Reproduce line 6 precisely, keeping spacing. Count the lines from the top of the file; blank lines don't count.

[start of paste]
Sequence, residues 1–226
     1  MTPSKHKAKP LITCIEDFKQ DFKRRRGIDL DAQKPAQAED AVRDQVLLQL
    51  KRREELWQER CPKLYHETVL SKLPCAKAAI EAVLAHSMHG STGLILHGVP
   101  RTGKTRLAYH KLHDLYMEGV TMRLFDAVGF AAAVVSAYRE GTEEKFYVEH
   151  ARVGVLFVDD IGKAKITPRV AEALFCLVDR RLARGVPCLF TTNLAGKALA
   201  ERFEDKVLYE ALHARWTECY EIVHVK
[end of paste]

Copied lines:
   201  ERFEDKVLYE ALHARWTECY EIVHVK